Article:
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Manager's Corner: Who Do I Want As Customers?
Who Do I Want As Customers?
We've been doing a lot of work with clients lately on fine-tuning their marketing efforts. A crucial step in this process is getting crystal-clear on just who they want as customers. Now I know this sounds like a somewhat strange activity. But you'd be amazed at the number of businesses who believe they can and should service everyone.
Selling to anyone and everyone sounds great in theory, but in reality, it can cost you money, waste your time and resources, and drive your "real" customers away. How? By developing marketing messages that are supposed to appeal to everyone, you typically end up appealing to very few--because no one can really "connect" with your message or understand how your business can help them. On the other hand, if you develop your marketing messages and activities to target specific types of customers, you are more likely to connect with them in a way that they'll appreciate, understand, and respond to.
So how do you determine who you want to target? Determine who you want as your customers. To do this, review your current customers. As you analyze them, place them in one of four tiers:
A. Tier 1 Customers- These are your ideal and highly-profitable customers. They excite and energize you because they bring new projects to you that keep you growing and developing your services and products to meet their and other customers' current and future needs.
B. Tier 2 Customers- These are your good income providers. They're content with your core products and services. These customers make you feel as though you're in the right business because you can service them relatively easily and make a fair profit in doing so.
C. Tier 3 Customers- These customers create those break-even jobs and consume more than their fair share of your time and materials. These clients frustrate you more often than you realize.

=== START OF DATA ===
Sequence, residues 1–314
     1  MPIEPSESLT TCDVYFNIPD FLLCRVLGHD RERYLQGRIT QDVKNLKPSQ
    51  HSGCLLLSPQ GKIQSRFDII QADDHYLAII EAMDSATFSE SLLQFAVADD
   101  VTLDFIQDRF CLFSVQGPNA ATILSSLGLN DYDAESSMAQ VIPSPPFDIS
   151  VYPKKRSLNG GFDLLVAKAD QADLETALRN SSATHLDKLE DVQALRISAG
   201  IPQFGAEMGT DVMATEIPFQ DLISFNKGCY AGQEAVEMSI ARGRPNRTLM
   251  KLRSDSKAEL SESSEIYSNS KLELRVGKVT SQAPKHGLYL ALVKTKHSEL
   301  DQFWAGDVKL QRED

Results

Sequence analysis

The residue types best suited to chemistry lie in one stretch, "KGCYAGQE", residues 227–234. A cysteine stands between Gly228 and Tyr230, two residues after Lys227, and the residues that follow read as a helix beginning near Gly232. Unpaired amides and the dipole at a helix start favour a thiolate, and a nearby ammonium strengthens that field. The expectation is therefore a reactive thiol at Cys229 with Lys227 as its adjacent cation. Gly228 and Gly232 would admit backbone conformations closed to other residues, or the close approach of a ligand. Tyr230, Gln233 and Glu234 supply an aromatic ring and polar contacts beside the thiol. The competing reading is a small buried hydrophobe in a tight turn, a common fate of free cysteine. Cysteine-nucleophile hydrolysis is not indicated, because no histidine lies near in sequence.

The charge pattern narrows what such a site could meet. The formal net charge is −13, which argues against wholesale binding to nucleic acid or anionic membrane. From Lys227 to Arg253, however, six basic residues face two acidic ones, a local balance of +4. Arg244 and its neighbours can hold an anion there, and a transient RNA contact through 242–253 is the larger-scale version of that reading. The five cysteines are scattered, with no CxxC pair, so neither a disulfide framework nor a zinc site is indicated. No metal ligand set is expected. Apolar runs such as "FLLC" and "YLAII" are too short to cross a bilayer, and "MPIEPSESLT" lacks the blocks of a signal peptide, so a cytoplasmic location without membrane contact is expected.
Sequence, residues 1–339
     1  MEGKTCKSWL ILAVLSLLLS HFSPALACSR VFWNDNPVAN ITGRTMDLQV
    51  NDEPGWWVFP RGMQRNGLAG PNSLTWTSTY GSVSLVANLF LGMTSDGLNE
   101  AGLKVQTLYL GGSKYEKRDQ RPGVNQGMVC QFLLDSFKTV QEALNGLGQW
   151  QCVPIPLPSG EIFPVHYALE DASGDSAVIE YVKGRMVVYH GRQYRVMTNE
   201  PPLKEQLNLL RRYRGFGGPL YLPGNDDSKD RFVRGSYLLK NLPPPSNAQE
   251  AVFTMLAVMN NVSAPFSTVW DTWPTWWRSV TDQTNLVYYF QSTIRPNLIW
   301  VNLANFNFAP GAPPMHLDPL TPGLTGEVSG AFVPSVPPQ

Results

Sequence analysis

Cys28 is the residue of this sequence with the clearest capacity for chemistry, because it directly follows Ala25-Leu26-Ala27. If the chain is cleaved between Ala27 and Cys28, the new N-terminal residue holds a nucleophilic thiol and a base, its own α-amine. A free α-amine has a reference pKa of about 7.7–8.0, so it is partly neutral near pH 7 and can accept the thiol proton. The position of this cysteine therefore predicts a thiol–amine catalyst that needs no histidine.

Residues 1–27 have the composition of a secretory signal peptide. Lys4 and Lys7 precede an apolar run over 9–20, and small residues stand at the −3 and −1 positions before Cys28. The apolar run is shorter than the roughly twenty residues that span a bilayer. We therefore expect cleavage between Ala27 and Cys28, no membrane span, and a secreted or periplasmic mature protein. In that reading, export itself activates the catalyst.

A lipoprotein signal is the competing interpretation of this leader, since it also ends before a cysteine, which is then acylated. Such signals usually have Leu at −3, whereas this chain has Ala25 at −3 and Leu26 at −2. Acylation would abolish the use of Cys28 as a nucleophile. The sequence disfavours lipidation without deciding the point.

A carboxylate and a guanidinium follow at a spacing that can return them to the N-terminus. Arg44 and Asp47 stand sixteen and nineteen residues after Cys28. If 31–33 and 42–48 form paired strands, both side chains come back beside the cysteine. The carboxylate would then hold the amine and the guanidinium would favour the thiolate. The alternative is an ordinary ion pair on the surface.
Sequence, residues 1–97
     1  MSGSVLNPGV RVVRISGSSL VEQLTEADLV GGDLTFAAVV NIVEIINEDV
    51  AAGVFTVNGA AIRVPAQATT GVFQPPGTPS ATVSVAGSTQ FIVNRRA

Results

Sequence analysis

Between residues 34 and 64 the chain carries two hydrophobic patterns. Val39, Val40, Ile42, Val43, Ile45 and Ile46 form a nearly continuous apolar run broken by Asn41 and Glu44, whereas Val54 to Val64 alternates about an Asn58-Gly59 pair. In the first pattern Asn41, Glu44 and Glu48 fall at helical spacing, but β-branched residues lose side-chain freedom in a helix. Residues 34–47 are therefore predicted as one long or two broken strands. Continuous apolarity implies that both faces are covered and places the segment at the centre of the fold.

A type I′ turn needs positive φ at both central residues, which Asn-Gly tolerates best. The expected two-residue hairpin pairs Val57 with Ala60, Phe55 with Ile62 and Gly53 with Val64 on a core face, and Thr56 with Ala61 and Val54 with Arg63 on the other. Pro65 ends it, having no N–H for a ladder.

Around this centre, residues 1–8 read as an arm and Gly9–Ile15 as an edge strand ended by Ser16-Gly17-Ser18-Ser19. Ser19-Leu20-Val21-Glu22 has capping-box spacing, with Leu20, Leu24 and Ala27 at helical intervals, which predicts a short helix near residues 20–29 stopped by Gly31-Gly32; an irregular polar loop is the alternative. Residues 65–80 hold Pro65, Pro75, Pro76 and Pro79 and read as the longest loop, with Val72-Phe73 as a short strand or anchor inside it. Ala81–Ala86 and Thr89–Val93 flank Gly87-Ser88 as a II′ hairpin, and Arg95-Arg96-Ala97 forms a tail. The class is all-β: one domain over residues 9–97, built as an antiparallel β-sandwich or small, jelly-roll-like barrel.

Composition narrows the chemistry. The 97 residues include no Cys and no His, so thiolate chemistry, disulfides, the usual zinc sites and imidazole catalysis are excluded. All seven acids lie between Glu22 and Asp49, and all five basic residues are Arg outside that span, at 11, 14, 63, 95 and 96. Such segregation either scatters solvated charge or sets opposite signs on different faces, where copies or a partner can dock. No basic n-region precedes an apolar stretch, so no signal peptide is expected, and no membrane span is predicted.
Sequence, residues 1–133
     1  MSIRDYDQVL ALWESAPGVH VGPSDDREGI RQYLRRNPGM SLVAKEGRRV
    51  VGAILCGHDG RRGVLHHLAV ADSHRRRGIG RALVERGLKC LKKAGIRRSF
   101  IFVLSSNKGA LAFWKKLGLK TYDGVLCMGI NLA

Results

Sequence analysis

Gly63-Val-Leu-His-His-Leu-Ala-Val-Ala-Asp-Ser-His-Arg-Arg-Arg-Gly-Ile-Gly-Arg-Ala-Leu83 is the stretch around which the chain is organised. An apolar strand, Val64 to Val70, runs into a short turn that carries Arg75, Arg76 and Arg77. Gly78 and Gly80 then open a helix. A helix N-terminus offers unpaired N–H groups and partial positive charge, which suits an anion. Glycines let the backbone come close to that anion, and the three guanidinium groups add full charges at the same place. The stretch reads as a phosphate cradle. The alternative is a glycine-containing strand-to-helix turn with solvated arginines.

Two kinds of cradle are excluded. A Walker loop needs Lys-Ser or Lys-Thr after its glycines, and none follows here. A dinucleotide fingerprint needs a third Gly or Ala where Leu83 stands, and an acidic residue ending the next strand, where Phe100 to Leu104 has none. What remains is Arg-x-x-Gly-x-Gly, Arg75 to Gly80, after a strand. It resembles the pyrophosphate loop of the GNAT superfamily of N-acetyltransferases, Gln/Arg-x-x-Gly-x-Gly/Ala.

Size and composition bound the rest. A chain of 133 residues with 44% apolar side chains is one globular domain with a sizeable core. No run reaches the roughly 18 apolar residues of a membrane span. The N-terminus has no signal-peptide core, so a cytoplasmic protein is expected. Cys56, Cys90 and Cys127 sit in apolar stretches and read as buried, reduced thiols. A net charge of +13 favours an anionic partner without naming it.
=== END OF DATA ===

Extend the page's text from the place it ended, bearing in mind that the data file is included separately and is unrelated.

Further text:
D. Tier 4 Customers- These customers are money losers. In fact, they just tick you off, because you know--even though you may not admit it to yourself--they're not the right type of customer for you. They're not a fit for you and you're not a fit for them. Therefore, it's painful for everyone.
Once you've analyzed your customers, you're better able to determine where and how to spend your marketing efforts and dollars, and how to tighten up your customer base to one that better fits your company's future growth plans.
A. Tier 1 Customers- Focus the majority of your marketing efforts here. These customers allow you grow your business in the direction you want to go. Focused marketing towards these customers allows you to position yourself as their "go-to" company to provide what they need and want--now and in the future.
B. Tier 2 Customers- Target these types of customers as the opportunities present themselves. You have the capabilities to serve their basic needs. Marketing that speaks to these customers lets them know your company has been servicing folks just like them for years.
C. Tier 3 Customers- Do not accept any more of these if possible. At the bare minimum, don't market to them! Ensure your marketing efforts are addressing your Tier 1 & 2 type customer needs. Develop a list of alternative providers who may be better suited to support your Tier 3 customers and refer them to a new provider.
D. Tier 4 Customers- Move away from this type of customer as positively and quickly as you can to cut your loses and free up resources to focus on servicing your Tier 1 and 2 customers.
By conducting this type of basic customer analysis, you'll see very clearly why your business is in the financial and production position it's in. Either you're working with and for your targeted customers or you're trying to service too many or the wrong types of customers. A simple analysis is all it takes. But you've got to be willing to ask: Who do I want as my customers?
Liz Weber of Weber Business Services, LLC. WBS specializes in Strategic, Business, and Succession Planning, as well as employee and leadership training. Contact: firstname.lastname@example.org or 717-597-8890.
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